Emma Blomkamp
Mar 7, 2018 · 4 min read

There has been a plethora of claims in recent years about what co-design can do and why we should be using it, especially in the public sector.

Co-design, we are told, can help us to generate more innovative ideas, ensure policies and services match the needs of citizens, achieve economic efficiencies by improving responsiveness, foster cooperation and trust between different groups, meaningfully engage the ‘hard to reach’, and achieve support for change.

There is a risk that we are treating co-design as a “magic concept”[i] or a “policy unicorn”[ii], a mythical thing of beauty that has never been seen in real-life but whose existence we fantasise about. Indeed, while there are lots of good examples of co-design for human services, it’s hard to find concrete and comprehensive examples of co-design applied in a policy-making process.

Sure, there is lots of talk about co-design in the public service, but the term is sometimes used loosely to refer to any collective approach to decision-making. When it’s used in this way, everyone seems to be doing it, and co-design no longer has much meaning.

In a recent paper, I have argued that we need a more specific, shared definition of co-design for policy, especially if we want to advance research and practice in this field.

What is co-design for policy?

When I talk about (public) policy, I am thinking of it as a problem-solving activity that involves arranging the resources of government in a certain way to achieve a specific aim or set of objectives (Howlett 2010). In other words — the process by which government chooses how to respond to a particular problem is the process of making policy.

A simple way to understand the term co-design is to break it down into its constitutive parts. The ‘co’ is typically considered an abbreviation for ‘cooperative’ or ‘collaborative’ design, which draws on the Scandinavian tradition of participatory design. ‘Design’ here refers to the discipline of industrial design, and is connected to the concept of ‘design thinking’, which puts the people affected by an issue (or ‘end users’ of what is being designed) at the heart of an iterative process to find solutions to shared problems.

A more comprehensive way to understand co-design is as a process, set of principles, and application of practical tools. These are shown in the table below and elaborated on in my article in the Australian Journal of Public Administration [iii].

Co-design for policy: a process, principles and practical tools (Blomkamp 2018)

Defining co-design in this way helps us to compare and contrast co-design with approaches it is sometimes confused with. Co-design is similar to, but not the same as, participatory and deliberative models of democracy. Both these democratic models are concerned with issues of citizen participation and decision-making, but neither necessarily involve any creative methods or innovative outcomes. Co-design can go hand-in-hand with co-production, but the latter may only describe the implementation phase of policy, whereas co-design is about the full design process.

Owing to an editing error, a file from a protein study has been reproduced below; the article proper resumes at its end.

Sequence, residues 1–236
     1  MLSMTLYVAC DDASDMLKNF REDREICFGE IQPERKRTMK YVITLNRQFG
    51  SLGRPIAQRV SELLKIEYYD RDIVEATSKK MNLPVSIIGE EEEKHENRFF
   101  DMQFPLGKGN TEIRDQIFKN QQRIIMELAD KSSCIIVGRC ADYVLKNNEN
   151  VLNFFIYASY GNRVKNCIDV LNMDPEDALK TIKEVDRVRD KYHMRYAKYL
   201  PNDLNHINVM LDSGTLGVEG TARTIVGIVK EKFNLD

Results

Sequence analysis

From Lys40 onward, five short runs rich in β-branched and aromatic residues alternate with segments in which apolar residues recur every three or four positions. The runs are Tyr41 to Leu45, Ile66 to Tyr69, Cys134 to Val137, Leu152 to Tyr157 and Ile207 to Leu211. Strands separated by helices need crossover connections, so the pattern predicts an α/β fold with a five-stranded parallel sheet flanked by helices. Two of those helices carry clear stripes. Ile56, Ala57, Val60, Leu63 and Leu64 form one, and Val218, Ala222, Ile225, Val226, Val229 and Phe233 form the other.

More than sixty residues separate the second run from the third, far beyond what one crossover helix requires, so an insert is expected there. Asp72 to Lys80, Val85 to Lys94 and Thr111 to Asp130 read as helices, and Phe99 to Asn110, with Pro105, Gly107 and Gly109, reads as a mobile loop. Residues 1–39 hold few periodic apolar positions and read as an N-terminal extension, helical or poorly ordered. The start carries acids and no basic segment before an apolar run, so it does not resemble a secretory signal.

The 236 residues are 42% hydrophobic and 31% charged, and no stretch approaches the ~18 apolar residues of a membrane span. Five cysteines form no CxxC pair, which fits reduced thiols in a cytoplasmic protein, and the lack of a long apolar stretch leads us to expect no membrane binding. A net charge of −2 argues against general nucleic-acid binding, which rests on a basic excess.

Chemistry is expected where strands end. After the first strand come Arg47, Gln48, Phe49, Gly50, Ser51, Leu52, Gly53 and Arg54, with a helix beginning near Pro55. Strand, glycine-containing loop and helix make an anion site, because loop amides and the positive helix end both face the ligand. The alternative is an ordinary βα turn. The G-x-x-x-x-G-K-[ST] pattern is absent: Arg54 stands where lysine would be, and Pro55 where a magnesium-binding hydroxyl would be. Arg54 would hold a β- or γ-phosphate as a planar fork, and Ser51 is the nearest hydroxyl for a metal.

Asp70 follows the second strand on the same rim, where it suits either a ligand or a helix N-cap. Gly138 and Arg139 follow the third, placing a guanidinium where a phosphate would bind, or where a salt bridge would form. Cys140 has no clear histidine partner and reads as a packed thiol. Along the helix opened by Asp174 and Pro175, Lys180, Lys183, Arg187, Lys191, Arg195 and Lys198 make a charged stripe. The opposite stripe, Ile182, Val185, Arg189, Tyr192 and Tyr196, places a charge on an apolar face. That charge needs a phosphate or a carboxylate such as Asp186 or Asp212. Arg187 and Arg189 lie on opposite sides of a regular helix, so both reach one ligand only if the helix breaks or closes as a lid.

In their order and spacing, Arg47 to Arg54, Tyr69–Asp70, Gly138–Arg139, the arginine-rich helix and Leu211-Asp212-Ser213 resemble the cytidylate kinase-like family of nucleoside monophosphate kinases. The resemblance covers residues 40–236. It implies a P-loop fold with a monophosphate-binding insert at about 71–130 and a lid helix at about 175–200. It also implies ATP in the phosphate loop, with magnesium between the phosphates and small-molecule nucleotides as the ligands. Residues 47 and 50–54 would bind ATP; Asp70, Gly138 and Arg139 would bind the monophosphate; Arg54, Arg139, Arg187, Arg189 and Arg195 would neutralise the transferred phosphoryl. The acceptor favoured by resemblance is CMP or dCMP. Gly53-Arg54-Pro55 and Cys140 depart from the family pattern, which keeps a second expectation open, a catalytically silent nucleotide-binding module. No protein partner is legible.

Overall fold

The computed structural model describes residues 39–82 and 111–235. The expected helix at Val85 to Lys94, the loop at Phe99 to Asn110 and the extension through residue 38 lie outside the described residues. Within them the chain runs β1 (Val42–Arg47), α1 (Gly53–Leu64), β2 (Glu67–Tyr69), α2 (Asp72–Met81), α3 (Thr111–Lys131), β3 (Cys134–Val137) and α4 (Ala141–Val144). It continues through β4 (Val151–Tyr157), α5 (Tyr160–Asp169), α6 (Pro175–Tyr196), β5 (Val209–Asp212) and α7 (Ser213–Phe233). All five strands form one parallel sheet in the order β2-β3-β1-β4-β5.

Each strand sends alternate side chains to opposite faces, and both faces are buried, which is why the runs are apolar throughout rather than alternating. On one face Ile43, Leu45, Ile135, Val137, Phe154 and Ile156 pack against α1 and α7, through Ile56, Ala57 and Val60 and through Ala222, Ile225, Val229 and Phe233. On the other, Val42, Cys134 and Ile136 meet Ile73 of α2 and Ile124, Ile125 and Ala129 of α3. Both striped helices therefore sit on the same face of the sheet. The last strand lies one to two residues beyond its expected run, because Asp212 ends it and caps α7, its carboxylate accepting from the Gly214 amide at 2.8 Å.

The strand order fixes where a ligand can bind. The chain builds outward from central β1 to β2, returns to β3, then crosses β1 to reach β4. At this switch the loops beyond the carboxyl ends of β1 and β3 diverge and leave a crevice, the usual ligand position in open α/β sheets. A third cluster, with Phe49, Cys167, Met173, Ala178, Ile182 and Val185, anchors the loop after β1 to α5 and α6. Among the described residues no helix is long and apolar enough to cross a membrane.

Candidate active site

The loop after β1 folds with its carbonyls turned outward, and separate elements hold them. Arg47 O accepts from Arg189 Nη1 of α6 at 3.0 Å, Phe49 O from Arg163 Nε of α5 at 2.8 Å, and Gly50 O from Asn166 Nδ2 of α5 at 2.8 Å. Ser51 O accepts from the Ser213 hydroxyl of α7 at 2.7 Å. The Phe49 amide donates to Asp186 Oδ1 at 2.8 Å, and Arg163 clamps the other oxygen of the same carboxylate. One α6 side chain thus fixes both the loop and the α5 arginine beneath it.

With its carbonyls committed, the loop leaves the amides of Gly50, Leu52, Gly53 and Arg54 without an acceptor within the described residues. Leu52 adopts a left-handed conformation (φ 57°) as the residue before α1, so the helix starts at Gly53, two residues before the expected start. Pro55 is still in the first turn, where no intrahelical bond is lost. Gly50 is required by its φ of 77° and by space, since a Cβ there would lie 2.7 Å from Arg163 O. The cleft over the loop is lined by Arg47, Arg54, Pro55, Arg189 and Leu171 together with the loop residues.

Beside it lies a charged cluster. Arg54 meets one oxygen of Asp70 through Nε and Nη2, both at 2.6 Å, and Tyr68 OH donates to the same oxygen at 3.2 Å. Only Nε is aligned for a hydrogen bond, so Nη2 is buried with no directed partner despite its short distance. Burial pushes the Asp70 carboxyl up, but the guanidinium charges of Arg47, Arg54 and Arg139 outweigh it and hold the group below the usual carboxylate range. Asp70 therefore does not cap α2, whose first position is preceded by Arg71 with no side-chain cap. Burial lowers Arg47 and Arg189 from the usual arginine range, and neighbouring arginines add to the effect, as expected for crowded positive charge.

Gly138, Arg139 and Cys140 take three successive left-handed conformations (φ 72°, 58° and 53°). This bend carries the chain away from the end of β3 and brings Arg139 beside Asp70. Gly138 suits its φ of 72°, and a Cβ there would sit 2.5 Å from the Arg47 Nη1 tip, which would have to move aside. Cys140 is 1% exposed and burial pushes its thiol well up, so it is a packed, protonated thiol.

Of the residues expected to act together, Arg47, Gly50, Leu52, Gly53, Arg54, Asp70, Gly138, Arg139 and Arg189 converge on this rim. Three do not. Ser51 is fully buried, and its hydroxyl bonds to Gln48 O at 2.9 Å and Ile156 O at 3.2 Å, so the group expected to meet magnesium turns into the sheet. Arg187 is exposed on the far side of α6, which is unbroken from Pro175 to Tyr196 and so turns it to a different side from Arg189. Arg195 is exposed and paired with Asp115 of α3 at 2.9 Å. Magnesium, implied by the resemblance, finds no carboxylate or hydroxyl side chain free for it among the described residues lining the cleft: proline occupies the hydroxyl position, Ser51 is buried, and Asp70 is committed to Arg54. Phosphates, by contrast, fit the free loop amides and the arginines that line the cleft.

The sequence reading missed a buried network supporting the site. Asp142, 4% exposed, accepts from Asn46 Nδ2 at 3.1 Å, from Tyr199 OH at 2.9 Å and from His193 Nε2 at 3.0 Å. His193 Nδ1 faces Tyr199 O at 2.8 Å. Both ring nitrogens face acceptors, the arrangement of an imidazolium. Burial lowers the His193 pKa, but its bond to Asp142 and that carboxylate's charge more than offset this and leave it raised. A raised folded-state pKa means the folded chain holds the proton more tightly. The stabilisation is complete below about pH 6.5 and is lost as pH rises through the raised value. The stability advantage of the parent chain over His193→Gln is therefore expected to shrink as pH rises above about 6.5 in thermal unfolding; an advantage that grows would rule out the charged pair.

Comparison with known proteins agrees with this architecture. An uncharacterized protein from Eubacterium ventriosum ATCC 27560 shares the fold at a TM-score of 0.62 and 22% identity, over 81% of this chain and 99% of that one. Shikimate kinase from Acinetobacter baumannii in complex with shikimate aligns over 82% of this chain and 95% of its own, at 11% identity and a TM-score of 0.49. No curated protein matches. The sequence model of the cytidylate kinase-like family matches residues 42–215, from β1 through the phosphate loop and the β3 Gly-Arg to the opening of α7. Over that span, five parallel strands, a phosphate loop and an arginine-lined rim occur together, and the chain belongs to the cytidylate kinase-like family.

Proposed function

Finally, a key difference from user- or human-centred design is that, in co-design for policy, people with lived experience of the issue must be active participants throughout the policy design process.

A precise definition like this makes it harder to find and to achieve co-design for policy, but hopefully it can help us to move beyond the buzzword. Just as clearly describing a unicorn (as a creature with a single, pointed horn projecting from its forehead) helps us to tell the difference between a horse and a unicorn, this definition should help us to identify what is and what isn’t co-design in practice.


[i] ‘Magic concepts’ are ideas that are ‘very broad, normatively charged and lay claim to universal or near universal-application’ (Pollitt and Hupe 2011, 643), like “motherhood and apple pie” type ideas.

[ii] Durose and Richardson (2016, 3) point to the risk of treating ‘co-production as a “policy unicorn” (Cimasi, 2013, p. Xxviii), a mythical policy of beauty, which has never been seen in a practicable and replicable form.’

[iii] The principles shown in the table are drawn from a review of design studies literature undertaken by van Buuren and Voorberg (2017). The definition here deliberately resembles Elizabeth Sanders’ (2014) description of co-design as method, mindset and tools.

The Policy Lab

The Policy Lab at the University of Melbourne explores big questions about public policy decision making, policy design, and how we know what’s working. We work in partnerships with governments and other organisations in Australia and internationally.

Emma Blomkamp

Written by

Co-Design & Evaluation Lead at Paper Giant. Researcher with The Policy Lab (Honorary Fellow at The University of Melbourne).

The Policy Lab

The Policy Lab at the University of Melbourne explores big questions about public policy decision making, policy design, and how we know what’s working. We work in partnerships with governments and other organisations in Australia and internationally.

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